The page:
Serial interfaces contained on port extender 43 include a USB interface 88 and a Firewire interface 89. Each serial interface may include multiple connectors for simultaneously connecting to multiple serial devices 90 such as a digital camera or a mouse. A keyboard interface 91 is provided for a keyboard 92 and a game port interface 93 is provided for one or more joysticks 94 or other gaming devices using a standard game port connector.
The port extender as shown in
As shown in
Transceiver 99 and its matching transceiver in the gateway connected to the same cable run communicate using a protocol that supports the data rates desired. Furthermore, each transceiver (i.e., in each port extender and in the gateway) must interface with its local processor. This interface may preferably be comprised of a PCI bus interface, for example.
Any of the foregoing embodiments of the present invention can be easily installed in any site using existing television cable wiring or by installing new cable wiring.
In step 102, the TV adapter outputs of the gateway are connected to individual TV cable runs. Except where the TV cable provides the media for the local-area network, it must be noted at this point which TV is associated with each cable run so that when a corresponding port extender module is installed near the TV that it can be properly associated to the correct TV adapter. When the gateway employs separate network interface controllers individually hardwired to each port extender by UTP network cable, then this association can be achieved at least partly automatically. In the event that a wireless LAN is employed, then a set-up procedure is preferably provided to allow a user to make the association.
In step 103, the port extenders are connected to the centralized gateway. The gateway and port extenders are activated in step 104. Upon initialization, the port extenders determine that they do not have an assigned IP address within the LAN and consequently each request an IP address from the gateway in step 105. The gateway assigns IP addresses and sends them to each respective port extender in step 106.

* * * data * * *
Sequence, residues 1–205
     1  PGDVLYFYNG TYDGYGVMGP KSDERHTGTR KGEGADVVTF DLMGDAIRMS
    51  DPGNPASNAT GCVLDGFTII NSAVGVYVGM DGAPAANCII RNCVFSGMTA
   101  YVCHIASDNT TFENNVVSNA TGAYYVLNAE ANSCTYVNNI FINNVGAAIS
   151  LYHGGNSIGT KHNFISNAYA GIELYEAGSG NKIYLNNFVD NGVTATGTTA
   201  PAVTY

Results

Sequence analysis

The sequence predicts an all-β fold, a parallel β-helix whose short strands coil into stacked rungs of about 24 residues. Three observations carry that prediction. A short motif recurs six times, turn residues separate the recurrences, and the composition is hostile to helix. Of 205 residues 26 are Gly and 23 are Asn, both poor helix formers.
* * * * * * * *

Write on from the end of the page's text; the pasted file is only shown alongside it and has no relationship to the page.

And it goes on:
Normal operation begins in step 107 with the port extenders exchanging user data (such as video feed selection data or video recorder selection data) with respective remote control devices or other peripheral devices as well as with the gateway. Standard network protocols are used.
Specifically with regard to selection data, the port extenders send selection data from the television users to the gateway in step 108. The protocol encapsulation processor utilizes its assigned IP address as the source IP address in network packets it transmits to the gateway, thus identifying the TV adapter output that should receive the requested video feed. In step 109, the gateway retrieves the selected video feed from the WAN. Alternatively, if the selected video feed is a video file recorded on the hard drive storage media, then the video feed is retrieved from there instead of from the WAN. The gateway generates a resulting television signal and couples it to the cable run associated with the source IP address in step 110.
In a further embodiment of the invention, redundant retrieval of a video feed is avoided as shown in
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|U.S. Classification||725/120, 725/78|
|International Classification||H04N7/20, H04N7/173|
|Cooperative Classification||H04N21/43615, H04N21/42204, H04N21/6125, H04N21/472, H04N21/4363, H04N21/64322, H04N21/4108, H04N21/2747|
|European Classification||H04N21/643P, H04N21/61D3, H04N21/422R, H04N21/436H, H04N21/438D, H04N21/2381, H04N21/4363|